Protection, cleaning help battle corrosion

As trucks begin their seasonal treks through icy and snow-covered roads, fleets renew the battle against the corrosion that perpetually gnaws at their equipment. But how much do you know about the underlying reasons behind it?

Corrosion is a chemical reaction that includes an exchange of electrons and is referred to as an electrochemical process, explains University of British Columbia professor Edouard Asselin.

Paul Ainge works on a vehicle at a Krown shop in Vaughan, Ont. (Photo: Leo Barros)
Paul Ainge works on a vehicle at a Krown shop in Vaughan, Ont. (Photo: Leo Barros)

That requires four individual factors. An anode, which is a metal like iron or aluminum; a cathode, usually oxygen reacting on the metal surface; an electron path, because metals are conductive and allow electricity to flow; and contact with humidity, which includes an electrolyte like water with dissolved salts or minerals.

The salt or chlorides used to de-ice roads in the cold months aren’t what cause corrosion, adds Trevor Hutcheson, director of heavy-duty and transit at Krown in Schomberg, Ont. “The moisture causes the corrosion. The salts accelerate the process.” What results is the powdery, grey or silver dusting that forms on equipment.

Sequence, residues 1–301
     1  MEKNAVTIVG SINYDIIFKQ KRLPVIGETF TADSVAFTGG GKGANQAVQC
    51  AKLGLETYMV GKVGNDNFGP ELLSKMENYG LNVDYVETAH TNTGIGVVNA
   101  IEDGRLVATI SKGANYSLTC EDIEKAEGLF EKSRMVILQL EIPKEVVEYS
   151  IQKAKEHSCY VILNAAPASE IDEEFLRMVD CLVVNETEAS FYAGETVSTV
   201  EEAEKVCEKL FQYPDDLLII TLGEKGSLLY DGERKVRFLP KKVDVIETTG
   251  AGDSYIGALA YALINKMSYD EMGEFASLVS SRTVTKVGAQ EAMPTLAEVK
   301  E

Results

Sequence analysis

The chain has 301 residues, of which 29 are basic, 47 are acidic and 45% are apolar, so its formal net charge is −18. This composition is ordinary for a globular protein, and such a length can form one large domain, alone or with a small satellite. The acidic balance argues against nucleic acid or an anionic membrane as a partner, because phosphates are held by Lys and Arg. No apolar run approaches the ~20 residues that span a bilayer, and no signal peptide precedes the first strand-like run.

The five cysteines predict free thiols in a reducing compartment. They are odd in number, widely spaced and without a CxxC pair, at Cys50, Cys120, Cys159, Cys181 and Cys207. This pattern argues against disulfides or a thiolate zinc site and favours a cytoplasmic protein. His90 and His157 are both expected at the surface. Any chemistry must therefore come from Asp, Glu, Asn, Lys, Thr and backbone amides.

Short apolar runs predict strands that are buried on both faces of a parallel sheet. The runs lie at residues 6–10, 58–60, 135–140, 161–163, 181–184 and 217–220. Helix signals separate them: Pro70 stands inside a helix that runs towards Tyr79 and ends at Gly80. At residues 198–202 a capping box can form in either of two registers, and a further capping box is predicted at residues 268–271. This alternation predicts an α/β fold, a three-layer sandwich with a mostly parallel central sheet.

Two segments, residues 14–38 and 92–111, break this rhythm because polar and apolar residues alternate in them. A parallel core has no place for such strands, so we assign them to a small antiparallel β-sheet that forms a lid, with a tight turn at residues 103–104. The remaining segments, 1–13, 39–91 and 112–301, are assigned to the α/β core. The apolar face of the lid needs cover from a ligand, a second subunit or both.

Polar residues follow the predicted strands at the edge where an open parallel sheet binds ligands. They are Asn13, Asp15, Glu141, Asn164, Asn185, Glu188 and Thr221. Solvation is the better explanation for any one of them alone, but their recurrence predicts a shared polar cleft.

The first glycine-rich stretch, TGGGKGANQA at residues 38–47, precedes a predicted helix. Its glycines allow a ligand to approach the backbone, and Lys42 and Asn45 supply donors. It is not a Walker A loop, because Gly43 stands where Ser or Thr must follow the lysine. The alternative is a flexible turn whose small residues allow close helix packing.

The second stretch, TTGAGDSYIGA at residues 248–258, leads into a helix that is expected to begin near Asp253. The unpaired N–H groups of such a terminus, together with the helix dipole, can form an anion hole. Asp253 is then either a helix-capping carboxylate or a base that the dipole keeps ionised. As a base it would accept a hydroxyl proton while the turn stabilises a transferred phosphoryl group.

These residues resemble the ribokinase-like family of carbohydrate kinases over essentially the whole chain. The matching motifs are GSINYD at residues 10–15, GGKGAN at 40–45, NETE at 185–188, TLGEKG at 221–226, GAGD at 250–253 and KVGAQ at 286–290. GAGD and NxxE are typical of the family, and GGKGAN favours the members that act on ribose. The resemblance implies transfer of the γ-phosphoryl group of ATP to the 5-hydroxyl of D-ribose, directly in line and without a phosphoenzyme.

Krown’s philosophy is if moisture is removed, corrosion can be prevented from continuing to occur, he says.







It all represents the number one issue affecting transportation equipment, says Jim Pinder, Erb Transport’s senior corporate fleet director of maintenance.

With 550 tractors, 150 straight trucks and 1,100 trailers to maintain, he says it comes down to cost management and dependability of the fleet. Frames, axles, and housings that are treated regularly — and where the paint is maintained — look a lot better.

Asselin says corrosion of some metals is slower in certain environments. In some cases, corrosion move so slowly as to be negligible.        

For example, keeping a metal in a dry environment with very low or no humidity will eliminate the problem completely.

Coating metal with a polymer (plastic or paint) to reduce contact with humidity is equivalent to keeping the metal dry. But coatings often contain pores or other defects that can allow moisture to get in. 

Knowing how to control the underlying factors can lead to more complex methods to reduce corrosion, like galvanic protection, Asselin says.